Treatment of obsessive compulsive disorder (OCD) with EMDR


This presentation will focus on key factors believed to contribute to the development and maintenance of OCD: a damaged, diffuse sense of self; a perceived inadequacy to function, to meet the vicissitudes of life; and an elaborate defence system designed to offer the illusion of safety and control (avoidance of affect and action). Given the prominence of cognitive distortions and avoidance of affect in OCD, and the impact of EMDR on such phenomena as exhibited in the literature about EMDR treatment with PTSD, Whisman believes EMDR has the potential to be quite beneficial in the treatment of OCD. EMDR seems to allow the OCD client to hold a dual focus: the illusion of the disorder and the reality of the self; and to tolerate the affect accompanying this processing. Bridging past experience and present behavior, EMDR appears to allow new connections to be made that offer the client a distance form the disorder and a strengthening of the self. A model for educating the client about OCD will be presented a model whcih develops a "language" between therapist and client and bridges self and disorder; changes in the standard EMDR protocol will be presented and demonstrated via videotape; and EMDR components such as targeting, cognitive interweaves, and resource installation will be addressed. Clinical observation and client self-report are pointing to EMDR as an effective treatment component for OCD.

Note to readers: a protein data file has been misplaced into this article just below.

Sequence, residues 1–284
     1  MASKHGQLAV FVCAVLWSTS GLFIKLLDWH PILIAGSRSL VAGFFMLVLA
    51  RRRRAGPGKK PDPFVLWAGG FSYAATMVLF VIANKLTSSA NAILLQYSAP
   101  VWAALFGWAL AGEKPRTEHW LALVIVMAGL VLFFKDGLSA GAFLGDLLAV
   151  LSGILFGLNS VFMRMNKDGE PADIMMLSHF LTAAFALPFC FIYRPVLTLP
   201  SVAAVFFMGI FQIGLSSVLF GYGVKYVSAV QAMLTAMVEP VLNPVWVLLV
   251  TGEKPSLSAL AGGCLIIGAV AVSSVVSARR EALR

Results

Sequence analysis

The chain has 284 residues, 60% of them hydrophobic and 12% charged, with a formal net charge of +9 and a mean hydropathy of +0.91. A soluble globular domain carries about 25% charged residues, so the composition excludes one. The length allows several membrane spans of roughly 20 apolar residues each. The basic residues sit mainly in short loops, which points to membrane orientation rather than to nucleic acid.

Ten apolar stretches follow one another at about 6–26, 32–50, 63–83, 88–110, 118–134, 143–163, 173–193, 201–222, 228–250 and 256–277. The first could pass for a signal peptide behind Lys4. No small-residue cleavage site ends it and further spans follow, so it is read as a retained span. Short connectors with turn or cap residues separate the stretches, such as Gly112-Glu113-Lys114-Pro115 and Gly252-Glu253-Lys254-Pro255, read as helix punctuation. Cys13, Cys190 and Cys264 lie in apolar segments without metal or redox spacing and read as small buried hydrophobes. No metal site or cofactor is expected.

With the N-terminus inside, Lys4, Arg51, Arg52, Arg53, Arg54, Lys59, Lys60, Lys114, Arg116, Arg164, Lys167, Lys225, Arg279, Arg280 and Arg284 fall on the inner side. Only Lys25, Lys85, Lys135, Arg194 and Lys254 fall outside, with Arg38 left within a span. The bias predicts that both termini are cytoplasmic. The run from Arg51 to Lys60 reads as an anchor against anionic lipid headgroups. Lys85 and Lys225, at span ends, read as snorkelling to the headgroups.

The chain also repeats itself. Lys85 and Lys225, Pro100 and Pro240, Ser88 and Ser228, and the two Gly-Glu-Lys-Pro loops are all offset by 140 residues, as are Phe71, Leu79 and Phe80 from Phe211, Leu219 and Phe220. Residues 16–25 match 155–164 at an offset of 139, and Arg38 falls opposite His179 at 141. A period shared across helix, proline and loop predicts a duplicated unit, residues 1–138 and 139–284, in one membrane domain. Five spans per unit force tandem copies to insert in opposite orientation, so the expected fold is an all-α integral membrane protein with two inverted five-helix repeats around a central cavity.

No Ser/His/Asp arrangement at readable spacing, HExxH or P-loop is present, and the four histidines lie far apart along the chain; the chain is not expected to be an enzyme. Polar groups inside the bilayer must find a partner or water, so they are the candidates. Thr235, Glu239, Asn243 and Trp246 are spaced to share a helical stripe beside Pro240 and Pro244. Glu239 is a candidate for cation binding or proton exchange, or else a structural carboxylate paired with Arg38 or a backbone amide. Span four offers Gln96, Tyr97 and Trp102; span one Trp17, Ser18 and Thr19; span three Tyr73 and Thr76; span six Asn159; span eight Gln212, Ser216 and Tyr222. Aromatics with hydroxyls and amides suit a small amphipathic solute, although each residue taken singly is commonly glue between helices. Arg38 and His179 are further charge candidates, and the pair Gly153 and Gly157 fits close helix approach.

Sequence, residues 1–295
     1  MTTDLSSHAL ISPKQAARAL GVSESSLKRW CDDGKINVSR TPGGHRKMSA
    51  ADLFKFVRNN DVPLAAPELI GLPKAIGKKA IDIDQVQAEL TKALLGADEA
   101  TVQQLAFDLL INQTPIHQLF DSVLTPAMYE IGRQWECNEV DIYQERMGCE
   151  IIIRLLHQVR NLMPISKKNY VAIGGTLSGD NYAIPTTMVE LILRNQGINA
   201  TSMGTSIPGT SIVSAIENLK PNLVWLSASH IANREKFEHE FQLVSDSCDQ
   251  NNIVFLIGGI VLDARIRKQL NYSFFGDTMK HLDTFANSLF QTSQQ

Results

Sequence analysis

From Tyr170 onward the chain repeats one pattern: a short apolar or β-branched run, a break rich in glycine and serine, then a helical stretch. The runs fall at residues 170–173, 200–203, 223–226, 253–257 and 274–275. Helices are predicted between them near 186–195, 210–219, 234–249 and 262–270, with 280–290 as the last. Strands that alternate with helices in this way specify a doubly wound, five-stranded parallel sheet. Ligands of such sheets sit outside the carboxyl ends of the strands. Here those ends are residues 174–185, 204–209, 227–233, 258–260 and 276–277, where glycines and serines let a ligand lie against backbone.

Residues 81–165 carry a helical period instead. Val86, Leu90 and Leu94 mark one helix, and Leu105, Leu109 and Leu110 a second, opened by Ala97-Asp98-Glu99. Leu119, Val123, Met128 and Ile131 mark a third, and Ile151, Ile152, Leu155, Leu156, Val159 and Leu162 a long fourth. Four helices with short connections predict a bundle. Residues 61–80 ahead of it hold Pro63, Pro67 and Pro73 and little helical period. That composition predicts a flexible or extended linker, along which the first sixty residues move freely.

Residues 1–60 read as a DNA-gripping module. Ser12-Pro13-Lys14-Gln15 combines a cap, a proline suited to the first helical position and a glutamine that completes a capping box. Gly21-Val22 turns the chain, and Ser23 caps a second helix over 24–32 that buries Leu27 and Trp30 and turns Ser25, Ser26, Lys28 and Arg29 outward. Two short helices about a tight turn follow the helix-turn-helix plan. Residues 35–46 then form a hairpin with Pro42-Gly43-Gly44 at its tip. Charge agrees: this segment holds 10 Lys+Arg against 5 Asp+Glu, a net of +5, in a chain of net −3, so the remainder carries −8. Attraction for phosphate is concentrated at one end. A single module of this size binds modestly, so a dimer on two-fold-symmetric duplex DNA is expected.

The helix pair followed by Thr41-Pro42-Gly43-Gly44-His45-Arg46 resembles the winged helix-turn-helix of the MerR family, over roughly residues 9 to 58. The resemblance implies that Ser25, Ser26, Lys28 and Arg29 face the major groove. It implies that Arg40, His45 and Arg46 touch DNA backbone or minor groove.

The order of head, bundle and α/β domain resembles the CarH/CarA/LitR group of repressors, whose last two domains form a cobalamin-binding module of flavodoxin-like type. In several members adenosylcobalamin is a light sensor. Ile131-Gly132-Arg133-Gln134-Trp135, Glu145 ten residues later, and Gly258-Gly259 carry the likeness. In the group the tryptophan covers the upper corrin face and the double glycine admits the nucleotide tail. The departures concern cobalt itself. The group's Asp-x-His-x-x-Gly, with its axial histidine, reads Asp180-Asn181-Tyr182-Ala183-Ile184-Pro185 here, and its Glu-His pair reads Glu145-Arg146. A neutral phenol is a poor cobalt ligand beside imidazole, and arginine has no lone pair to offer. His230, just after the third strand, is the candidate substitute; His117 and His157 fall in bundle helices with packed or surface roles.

Marcia Whisman

Original Work Citation

Whisman, M. (2000, May). Treatment of obsessive compulsive disorder (OCD) with EMDR. Presentation at the 1st EMDR Europe Association Conference, Utrecht, Netherlands



“Treatment of obsessive compulsive disorder (OCD) with EMDR,” Francine Shapiro Library, accessed October 21, 2020,

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